“It was a crazy hunt. I was at the lowest of lows (climbing out of the tree stand). I had the perfect view, a north wind, it was cool, and I usually do so well in that type of weather,” said Briggs, who works as a sales consultant at Dahl Automotive in La Crosse. “I was really dejected, then I made it happen. I snuck down there and got lucky.”

Perhaps, but having hunted whitetails with a gun and with a bow since he was 12, Briggs’ 40 years of experience paid off. He knew his hunt wasn’t necessarily over once he climbed down from the tree stand. If you’re a seasoned archery hunter, you’ve likely got plenty of stories about seeing, or coming oh-so-close, to a buck as you go into stealth mode leaving the woods.

I would bet few steal hunts, however, end like that of Briggs.

“It has happened to me a few times now,” Briggs said of seeing deer while exiting his stand. “A few years ago I missed a giant buck doing the same thing. I was using a new sight and wasn’t familiar with it. It was 15 yards away I used the sight (pin) set for 30. It was a flipping giant. I just totally became unglued.”

Despite very warm, sometimes even downright hot temperatures, the first 10 days of the Wisconsin archery season produced 25 antlered deer and 92 total harvested deer in Trempealeau County, according to the Wisconsin DNR website. Statewide, there were 1,445 bucks and 3,669 total deer during the first 10 days of the Wisconsin archery season.

There may soon be others to add to that total, too, as David’s twin brother, Darrin, hunts the same land. In fact, David freely admits that Darrin does much of the work when it comes to scouting, setting up trail cameras and checking them periodically.

“My twin brother hunts with me. We hunt together and his son, Landon, hunts with me along with my son, Cameron,” David Briggs said of Darrin, who is an elementary school teacher in the Blair-Taylor School District. “He checks the trail cameras more often than I do. He does a lot of the hard work.”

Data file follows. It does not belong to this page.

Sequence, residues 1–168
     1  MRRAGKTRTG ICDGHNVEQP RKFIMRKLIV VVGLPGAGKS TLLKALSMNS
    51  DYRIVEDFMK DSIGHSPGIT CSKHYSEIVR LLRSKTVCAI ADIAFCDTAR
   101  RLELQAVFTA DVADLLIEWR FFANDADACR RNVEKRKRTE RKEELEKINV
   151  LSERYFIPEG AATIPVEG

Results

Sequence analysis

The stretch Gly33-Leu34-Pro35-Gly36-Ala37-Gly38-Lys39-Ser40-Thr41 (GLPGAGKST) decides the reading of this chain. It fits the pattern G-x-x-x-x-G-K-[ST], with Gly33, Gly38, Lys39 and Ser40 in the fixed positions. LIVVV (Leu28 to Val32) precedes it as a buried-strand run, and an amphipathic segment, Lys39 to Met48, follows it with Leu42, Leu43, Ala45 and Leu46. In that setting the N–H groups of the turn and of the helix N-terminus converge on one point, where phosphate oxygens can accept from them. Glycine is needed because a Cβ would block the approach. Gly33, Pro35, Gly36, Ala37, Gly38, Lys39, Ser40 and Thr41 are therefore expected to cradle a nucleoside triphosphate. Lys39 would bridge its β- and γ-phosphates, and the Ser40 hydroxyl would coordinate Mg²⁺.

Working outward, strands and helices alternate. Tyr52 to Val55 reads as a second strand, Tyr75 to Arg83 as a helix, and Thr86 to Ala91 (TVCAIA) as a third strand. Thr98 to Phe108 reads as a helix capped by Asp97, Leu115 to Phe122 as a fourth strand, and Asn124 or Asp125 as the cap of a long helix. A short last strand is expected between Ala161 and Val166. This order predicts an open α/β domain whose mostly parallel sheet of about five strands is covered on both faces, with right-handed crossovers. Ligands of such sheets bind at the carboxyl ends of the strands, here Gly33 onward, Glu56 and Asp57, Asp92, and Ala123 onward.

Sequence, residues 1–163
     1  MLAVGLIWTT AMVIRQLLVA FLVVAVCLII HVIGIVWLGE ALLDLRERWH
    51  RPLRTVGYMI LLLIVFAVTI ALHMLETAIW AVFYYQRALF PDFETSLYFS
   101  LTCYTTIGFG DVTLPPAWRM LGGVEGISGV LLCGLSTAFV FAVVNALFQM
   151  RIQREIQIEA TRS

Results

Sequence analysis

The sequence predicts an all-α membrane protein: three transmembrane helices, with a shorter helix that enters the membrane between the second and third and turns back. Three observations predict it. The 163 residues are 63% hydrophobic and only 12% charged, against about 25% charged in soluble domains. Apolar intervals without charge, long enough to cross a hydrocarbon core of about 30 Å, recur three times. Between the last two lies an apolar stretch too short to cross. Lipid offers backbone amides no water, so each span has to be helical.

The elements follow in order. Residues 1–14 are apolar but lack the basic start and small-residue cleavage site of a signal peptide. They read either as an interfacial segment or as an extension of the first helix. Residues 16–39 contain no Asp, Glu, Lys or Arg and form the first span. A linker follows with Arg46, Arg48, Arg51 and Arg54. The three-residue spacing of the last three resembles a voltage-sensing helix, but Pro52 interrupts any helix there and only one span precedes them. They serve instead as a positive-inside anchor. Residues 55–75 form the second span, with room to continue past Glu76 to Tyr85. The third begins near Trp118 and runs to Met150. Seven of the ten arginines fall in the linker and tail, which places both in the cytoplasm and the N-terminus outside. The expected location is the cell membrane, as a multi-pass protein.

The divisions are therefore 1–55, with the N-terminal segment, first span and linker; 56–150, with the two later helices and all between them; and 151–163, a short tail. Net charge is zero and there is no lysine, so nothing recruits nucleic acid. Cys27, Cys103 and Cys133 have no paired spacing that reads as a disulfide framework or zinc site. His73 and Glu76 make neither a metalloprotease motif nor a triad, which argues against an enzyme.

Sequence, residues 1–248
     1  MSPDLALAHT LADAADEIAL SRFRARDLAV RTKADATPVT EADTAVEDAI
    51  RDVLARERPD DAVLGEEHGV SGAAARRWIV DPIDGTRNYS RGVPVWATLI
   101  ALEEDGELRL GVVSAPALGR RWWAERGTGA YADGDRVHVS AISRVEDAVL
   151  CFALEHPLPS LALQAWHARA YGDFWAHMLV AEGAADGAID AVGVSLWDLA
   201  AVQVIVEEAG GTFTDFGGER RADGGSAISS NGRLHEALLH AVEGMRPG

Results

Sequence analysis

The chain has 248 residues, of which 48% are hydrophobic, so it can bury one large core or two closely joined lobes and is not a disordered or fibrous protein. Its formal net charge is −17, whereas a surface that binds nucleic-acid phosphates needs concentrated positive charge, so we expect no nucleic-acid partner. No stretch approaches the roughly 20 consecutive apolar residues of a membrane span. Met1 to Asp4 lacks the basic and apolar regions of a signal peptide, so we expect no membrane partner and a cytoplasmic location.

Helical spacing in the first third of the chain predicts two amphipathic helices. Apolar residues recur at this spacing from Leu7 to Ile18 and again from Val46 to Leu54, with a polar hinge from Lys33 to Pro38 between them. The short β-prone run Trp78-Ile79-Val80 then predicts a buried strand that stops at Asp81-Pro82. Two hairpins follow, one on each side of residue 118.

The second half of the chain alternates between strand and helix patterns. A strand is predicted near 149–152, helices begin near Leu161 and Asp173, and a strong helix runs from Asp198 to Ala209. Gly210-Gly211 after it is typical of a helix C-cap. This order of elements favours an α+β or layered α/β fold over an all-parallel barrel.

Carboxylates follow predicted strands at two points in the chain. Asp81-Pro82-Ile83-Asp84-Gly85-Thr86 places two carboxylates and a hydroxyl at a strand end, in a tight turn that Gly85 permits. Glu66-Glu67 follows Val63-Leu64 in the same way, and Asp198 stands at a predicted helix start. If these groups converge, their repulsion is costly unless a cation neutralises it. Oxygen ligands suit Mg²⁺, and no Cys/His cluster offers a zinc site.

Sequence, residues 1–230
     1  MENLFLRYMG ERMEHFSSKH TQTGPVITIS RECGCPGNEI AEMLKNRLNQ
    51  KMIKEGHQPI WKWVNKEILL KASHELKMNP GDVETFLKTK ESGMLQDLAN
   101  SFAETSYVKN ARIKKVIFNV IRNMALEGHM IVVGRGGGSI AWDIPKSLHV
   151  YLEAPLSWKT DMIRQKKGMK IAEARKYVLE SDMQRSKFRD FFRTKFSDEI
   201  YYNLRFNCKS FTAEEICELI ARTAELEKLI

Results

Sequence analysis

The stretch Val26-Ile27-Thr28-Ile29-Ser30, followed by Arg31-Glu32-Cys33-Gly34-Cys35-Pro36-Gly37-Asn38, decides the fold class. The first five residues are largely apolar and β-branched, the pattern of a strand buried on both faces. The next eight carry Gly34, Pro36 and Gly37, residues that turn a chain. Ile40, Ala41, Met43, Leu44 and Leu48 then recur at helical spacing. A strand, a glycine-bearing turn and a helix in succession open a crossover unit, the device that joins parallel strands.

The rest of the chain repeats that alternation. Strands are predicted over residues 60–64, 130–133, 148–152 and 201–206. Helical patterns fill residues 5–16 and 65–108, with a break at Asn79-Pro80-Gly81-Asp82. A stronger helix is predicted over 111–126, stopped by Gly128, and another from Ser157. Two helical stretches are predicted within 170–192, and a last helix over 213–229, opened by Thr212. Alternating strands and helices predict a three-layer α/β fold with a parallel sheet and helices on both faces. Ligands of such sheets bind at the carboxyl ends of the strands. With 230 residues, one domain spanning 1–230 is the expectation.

Hunting, it seems, is a family affair for the Briggs clan, as David’s wife, Amy, has harvested a deer with a rifle, and is pursuing her first whitetail with a bow. Son Cameron, 17, has shot eight deer in his five years of hunting, while daughter Karli, 16, started shooting a bow for the first time last year. Stepson Gaven Smith, 18, has shot three “wall-hangers,” as David said, two of which scored in the 140s. Gaven also has arrowed a buck that scored in the low 130s.

“We fish, we hunt. The hunts we have together, it is amazing,” said David Briggs, who said his latest deer with be the 10th mount to an already impressive wall of antlers. “Now I will take them (family members) out. I don’t need to shoot another one with my bow.”

Besides, he’s already shot a bull elk in Colorado with a bow, and has nine whitetails that meet Pope & Young (archery magazine) minimum qualifying standards.

WHITETAIL STORIES: With the Wisconsin archery and crossbow seasons for white-tailed deer having opened on Sept. 18, there is bound to some tongue-wagging tails to be told. Drop me a line and send me a photo of your big buck at outdoorstrib@gmail.com and it may end up being the topic of a Thursday column. I’ve been hunting for 45 years and writing for more than 40, and never tire of hearing a good deer story.

The same goes for the Oct. 2-10 deer hunt for hunters with disabilities, or for those who participate in the Wisconsin youth deer hunt on Oct. 9-10. Just drop me a note at outdoorstrib@gmail.com

Jeff Brown, a former longtime sports editor for the Tribune, is a freelance outdoors writer. Send him story ideas at outdoorstrib@gmail.com